T-Mobile Launches 5G Network Early
The “Un-Carrier” has launched its nationwide 5G network 4 days earlier than previously announced, despite not completing its merger with Sprint.
Over the last few months, T-Mobile has dominated mobile news. With coverage on its pending merger with Sprint, news that its longterm CEO John Legere will be stepping down, and its Un-Carrier 1.0 promotion, the news cycle has been abuzz with T-Mobile press.
Yesterday, T-Mobile continued this trend by announcing that it will be launching its nationwide 5G network earlier than expected. “It’s on! T-Mobile today lit up the country’s first nationwide 5G network, covering more than 200 million people and more than 5,000 cities and towns all across the country,” the company announced in a press release Monday. “Today’s launch immediately catapults T-Mobile into the leadership position as the country’s biggest 5G network, covering more than 1 million square miles, much of that in rural America.”
The company announced last month that the network would go live in 5,000 towns and cities on December 6th. The promise was conditioned on the closing of the merger, which is currently being blocked by several antitrust lawsuits from a number of state attorney generals.
T-Mobile will be using a slower form of 5G — 5G low-band — which delivers capacities akin to advanced 4G networks. At 600 Mhz, the network could have transmission speeds as low as 25 Mbit. However, individual cell towers can transmit signals further using lower frequency signals. While Verizon’s planned 5G millimeter wave “ultraband” network will be able to deliver download capacities in excess of broadband, the network will require more towers and nodes. Additionally, Verizon’s “ultraband” may not be able to penetrate walls and windows, limiting indoor coverage.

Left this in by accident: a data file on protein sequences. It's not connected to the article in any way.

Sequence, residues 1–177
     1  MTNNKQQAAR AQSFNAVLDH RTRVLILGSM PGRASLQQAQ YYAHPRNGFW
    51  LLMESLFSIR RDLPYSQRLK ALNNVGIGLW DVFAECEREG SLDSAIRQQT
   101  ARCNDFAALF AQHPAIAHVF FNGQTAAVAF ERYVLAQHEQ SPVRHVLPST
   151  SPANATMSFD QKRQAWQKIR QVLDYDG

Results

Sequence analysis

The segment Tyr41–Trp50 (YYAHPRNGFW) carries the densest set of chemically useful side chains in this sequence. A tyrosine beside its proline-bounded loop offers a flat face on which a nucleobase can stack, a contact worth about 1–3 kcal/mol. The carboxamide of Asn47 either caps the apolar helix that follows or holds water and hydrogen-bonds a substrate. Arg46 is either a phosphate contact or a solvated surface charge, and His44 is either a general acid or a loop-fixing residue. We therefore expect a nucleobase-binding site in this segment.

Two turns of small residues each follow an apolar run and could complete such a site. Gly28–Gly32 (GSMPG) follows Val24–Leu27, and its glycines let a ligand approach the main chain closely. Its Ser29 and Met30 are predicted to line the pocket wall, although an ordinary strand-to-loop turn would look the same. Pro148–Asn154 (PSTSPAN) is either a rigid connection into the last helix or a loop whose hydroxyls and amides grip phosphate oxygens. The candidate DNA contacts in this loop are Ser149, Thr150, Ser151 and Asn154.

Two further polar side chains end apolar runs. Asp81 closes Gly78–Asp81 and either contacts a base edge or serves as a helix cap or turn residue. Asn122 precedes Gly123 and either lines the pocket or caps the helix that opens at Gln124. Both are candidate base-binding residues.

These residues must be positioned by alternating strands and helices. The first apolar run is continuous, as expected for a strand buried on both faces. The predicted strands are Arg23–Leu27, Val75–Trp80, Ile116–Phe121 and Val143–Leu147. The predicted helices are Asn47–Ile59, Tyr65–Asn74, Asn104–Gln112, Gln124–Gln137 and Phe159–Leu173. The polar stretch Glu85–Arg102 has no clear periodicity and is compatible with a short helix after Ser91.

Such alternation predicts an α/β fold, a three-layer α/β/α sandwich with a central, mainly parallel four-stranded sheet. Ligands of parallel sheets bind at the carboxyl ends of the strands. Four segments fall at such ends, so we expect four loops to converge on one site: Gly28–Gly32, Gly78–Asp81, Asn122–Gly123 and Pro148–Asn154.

The company’s capacity to offer broadband access to rural customers is essential for its merger plans. A consideration taken by the FCC and the courts in approving the merger is the merged company’s ability to deliver on providing at least 25 Mbits of broadband capacity to non-urban customers. T-Mobile intends to do this by using the 600 MHz wavelength system, which would limit the need to build new cell towers in remote areas.
T-Mobile has started deploying 5G millimeter wave in a small number of cities, although it is not clear if the company will extend access. Sprint utilizes a 2.5 GHz mid-band 5G spectrum that, should the merger close, T-Mobile will integrate into its 5G network.
On Friday, T-Mobile will begin selling the OnePlus 7T Pro 5G McLaren Edition and the Galaxy Note 10 Plus 5G, which can both connect to the 600 MHz networks. Neither phone, however, has millimeter-wave support.
“The carriers have been over-hyping 5G for years now, setting expectations beyond what they can deliver. When Verizon says #5GBuiltRight, they must mean sparse, expensive and limited to outdoors only,” Neville Ray, T-Mobile President of Technology, said per the press release..
“Meanwhile at T-Mobile, we built 5G that works for more people in more places, and this is just the start. With the New T-Mobile, we’ll see 5G speeds follow the same path as LTE, increasing exponentially over time. Plus, real broad and deep 5G will unleash whole new categories of innovation that will touch almost every area of the economy. The 5G future is bright, and it starts today.”